Baby Halder works today as a domestic worker in a house in Gurgaon, near Delhi. Her employer, Dr Prabodh Kumar Srivastava, is also her mentor, and it is with his help that she has turned into a writer. Prabodh Kumar himself comes from a literary family. His grandfather, Premchand, was one of India’s best known writers whose novels and short stories formed part of the great social upheaval of the early twentieth century and the movement for independence in India. Baby arrived at Prabodh Kumar’s house one day in search of a job and began work as a domestic help. Prepared to be more or less invisible, Baby was surprised when her employer actually spoke to her, asked about her life, and treated her like a human being. As the days passed, Prabodh Kumar noticed that Baby paid extra attention to his bookshelves, dusting and cleaning the books with care, looking at them with longing. And that was his signal for encouraging her, and then helping her to read, and then to write. The result was the book you have in front of you, A Life Less Ordinary (published in Hindi and Bengali as Aalo Andhari, From Darkness to Light).
Baby’s book came to my notice when I read a short report about it in a local magazine, and then on the web.
The report mentioned that Baby lived and worked in a house in Gurgaon, a city that borders on Delhi, and that the Hindi publication of her book was received with much acclaim. Gurgaon is a large, sprawling urban jungle. Locating a domestic worker called Baby Halder in a city that large, that rich and that anonymous was well nigh impossible. Domestic workers inhabit the shadow world of the near invisible people without whose help middle class urban India would not be able to survive. But try to track them down, and you know you are attempting something that is virtually impossible. Yet in Baby’s case we had at least one clue to go on, and that was the link with Premchand. For there were other members of Premchand’s family who could be tracked down — the middle class urban intelligentsia network in India is a powerful one — and it was through them that I found my way to Baby, a young woman of enormous poise, wisdom and compassion. Over time, Baby and I got to know each other, and her initial hesitation and concern about ‘the outsider’ in her life, gradually gave way to trust, and the beginnings of a real friendship, and it is this that has formed the basis of my translation of Baby’s story.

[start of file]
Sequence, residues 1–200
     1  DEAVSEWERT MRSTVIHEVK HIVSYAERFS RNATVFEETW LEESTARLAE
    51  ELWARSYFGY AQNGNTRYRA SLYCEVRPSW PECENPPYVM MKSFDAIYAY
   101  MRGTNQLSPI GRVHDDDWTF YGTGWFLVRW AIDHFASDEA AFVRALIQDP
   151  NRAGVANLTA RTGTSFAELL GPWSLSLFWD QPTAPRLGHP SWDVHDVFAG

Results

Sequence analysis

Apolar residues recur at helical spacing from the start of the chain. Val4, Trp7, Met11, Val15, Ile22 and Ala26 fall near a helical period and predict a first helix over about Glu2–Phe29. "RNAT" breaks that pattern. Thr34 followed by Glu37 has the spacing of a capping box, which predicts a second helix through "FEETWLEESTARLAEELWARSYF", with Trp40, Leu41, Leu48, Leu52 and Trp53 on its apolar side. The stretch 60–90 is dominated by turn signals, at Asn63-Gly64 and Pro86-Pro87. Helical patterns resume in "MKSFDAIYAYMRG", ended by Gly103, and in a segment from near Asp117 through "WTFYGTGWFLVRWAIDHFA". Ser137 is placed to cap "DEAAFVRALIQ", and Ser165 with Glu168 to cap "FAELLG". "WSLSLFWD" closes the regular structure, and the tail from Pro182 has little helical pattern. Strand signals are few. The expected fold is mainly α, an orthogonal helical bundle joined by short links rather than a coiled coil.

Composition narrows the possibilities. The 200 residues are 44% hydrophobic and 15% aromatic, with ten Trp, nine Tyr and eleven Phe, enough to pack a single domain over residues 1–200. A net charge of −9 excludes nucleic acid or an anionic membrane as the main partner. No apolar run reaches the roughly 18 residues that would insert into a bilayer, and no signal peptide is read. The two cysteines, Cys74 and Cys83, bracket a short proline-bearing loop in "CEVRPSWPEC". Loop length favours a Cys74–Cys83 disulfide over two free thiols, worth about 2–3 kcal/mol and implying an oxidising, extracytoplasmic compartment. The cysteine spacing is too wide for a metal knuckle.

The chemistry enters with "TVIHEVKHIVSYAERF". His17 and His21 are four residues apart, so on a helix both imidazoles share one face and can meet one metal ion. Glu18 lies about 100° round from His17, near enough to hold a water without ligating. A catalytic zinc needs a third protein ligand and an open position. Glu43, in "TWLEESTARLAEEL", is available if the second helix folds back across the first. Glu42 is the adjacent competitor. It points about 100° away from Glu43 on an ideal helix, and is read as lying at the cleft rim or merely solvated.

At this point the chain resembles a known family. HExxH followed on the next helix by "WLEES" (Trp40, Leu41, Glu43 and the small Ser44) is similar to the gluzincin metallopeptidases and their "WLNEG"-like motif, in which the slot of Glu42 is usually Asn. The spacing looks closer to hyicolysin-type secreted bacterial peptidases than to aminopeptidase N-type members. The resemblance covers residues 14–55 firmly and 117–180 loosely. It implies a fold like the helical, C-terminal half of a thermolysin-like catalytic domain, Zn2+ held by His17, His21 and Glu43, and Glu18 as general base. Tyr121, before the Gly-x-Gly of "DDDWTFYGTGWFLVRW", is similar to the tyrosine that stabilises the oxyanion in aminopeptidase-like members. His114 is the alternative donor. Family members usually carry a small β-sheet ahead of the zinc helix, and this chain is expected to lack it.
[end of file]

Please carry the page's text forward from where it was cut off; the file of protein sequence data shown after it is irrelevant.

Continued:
In a strange kind of twist, Baby’s translator is also her publisher. In Zubaan, as publishers of books by and about women, our main concern has been to provide a platform where women’s voices can be heard, where those who are on the margins can find the confidence to speak. But we know that it is rare, even for publishers like us who wear our politics on our sleeves, to be able to publish writers like Baby. Not only are they largely invisible, many, indeed most, have not had the privilege of an education, and although they may feel strongly about issues, they often do not have the luxury to be able to give literary expression to them. For us then, publishing Baby’s book was enormously important, it is the kind of book that publishers like us dream about. It is a book from which we have learnt a great deal, just as we have done from Baby, its protagonist and writer. And today, A life Less Ordinary has become the international success that it deserves to be. For us, it also remains a book that we have been privileged and proud to publish, a book that has been inspirational in many small ways, a book that reminds us that there is so much that needs to be said and written about women’s lives.